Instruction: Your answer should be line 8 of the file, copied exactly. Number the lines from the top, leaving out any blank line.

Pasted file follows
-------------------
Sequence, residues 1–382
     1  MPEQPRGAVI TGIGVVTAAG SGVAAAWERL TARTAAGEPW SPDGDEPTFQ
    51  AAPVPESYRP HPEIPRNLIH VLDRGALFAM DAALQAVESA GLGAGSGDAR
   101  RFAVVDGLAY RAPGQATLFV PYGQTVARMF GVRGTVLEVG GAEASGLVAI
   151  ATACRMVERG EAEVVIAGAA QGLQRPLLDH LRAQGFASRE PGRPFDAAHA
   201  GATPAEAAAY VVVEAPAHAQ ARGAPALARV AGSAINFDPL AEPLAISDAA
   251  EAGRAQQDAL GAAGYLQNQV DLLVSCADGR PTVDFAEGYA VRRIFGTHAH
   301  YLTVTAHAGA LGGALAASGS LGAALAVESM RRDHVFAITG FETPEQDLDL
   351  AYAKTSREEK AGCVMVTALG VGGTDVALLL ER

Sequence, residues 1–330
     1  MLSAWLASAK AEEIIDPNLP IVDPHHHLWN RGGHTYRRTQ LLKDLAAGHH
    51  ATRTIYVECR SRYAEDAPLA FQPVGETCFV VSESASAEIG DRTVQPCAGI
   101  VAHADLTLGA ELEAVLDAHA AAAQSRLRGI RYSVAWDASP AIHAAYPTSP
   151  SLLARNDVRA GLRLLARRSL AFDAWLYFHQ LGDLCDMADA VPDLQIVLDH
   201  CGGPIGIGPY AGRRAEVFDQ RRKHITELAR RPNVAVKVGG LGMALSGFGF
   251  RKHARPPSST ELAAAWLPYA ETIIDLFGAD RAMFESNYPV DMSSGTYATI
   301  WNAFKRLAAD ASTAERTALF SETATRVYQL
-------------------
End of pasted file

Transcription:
   301  YLTVTAHAGA LGGALAASGS LGAALAVESM RRDHVFAITG FETPEQDLDL